Analysis with community-developed tools
There is a strong and evolving ecosystem for community-developed tools that support the analysis of 10x Genomics Visium data. These tools require some programming knowledge; R and Python are two commonly used languages in the field. These tools are often used for downstream analyses beyond those enabled by 10x’s Space Ranger or Loupe Browser. Here is a short list of popular 10x-compatible community developed tools:
- Seurat and Giotto are R packages for the analysis and visualization of spatial gene expression data. Tutorials using a Visium mouse brain dataset for Seurat and Giotto are good first places to start. Giotto additionally also has a tutorial using a Visium mouse kidney. Bioconductor is a collection of R packages that includes tools for analyzing and visualizing spatial data. An online book here demonstrates the use of a variety of bioconductor packages for common spatial data workflows.
- Squidpy is a part of scverse, which is a collection of Python tools for the analysis of omic data. Squidpy is another tool for the analysis and visualization of spatial data with tutorials that cover such topics as data processing, visualization, nuclei segmentation and spot deconvolution. It is designed around modularity and scalability.
For additional inspiration
You can find further inspiration by visiting 10x Genomics’ publication page to find articles related to spatial gene expression, which cover broad areas of interest ranging from immunology to computational methods.
Another resource is The Museum of Spatial Transcriptomics. It is a curated list of spatial gene expression publications. The publication list includes computational methods as well as papers that provide a comprehensive historical perspective on the development and technologies within the field.
If you would like to start with review articles, here are a few examples:
- “Analysis and Visualization of Spatial Transcriptomic Data”
- “Advances in spatial transcriptomic data analysis”
- “Deciphering tissue structure and function using spatial transcriptomics"
These reviews cover common topics such as spatial data preprocessing, visualization, and cell and spatial feature identification. They also touch upon advanced topics like enhancing spot resolution and cell-cell communication.
If this is your first journey into analyzing big data (e.g. spatial data), or you are in need of a refresher on the Unix command line or computer programming, there are plenty of online resources to aid you.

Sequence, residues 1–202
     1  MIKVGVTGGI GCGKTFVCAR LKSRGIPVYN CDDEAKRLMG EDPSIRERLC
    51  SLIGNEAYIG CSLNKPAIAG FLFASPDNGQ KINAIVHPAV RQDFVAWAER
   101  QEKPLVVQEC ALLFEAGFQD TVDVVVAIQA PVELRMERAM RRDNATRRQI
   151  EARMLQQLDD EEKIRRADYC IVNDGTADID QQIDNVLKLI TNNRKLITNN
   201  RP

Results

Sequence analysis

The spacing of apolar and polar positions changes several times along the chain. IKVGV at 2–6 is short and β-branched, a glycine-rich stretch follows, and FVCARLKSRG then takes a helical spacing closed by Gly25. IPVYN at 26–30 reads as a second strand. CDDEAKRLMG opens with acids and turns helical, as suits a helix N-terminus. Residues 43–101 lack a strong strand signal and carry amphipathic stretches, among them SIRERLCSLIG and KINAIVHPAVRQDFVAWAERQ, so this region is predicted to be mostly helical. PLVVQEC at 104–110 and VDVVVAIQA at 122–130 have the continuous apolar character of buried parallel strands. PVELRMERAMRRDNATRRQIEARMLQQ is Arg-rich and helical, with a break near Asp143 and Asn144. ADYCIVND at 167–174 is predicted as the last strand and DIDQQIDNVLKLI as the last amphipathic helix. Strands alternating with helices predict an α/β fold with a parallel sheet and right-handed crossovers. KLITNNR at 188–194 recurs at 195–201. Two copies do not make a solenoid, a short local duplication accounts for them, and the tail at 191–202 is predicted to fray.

- Data Carpentry and Software Carpentry offer online lessons on programming (R and Python) and the Unix command line.
- R for Data Science and Python Data Science Handbook are two introductory online books that cover data processing and visualization in their respective programming languages.
There are also online materials that specifically cover spatial transcriptomic data analysis. Users of all levels may find these materials useful:
- “Analyzing and Visualizing Visium Gene Expression Data”, is a 10x webinar highlighting Visium with H&E stained fresh frozen tissue
- “Introducing Visium Spatial Gene Expression with Immunofluorescence”, is a 10x webinar that showcases an immunofluorescent -stained fresh frozen sample
- “Spatial Biology Without Limits” is a 10x webinar series with a section called “Data-driven discovery with Visium Spatial Gene Expression for FFPE” that gives a nice introduction to the analysis journey.
- “Orchestrating Spatially-Resolved Transcriptomics Analysis with Bioconductor” is an online book that covers common spatial analysis workflows.
- "Spatial transcriptomics data analysis in Python" is a GitHub repository collecting Python jupyter notebook tutorials for common spatial gene expression analysis tools that were presented at the SCOG Virtual Workshop (May 23-24, 2022).
This article is not meant to be an exhaustive list of all the stops you can take on your spatial data analysis journey. New and exciting spatial gene expression analysis tools, articles, courses, and other resources continue to be released at a rapid pace. The landscape of spatial data analysis is dynamic and continually evolving. We hope this article helps you get started in your journey!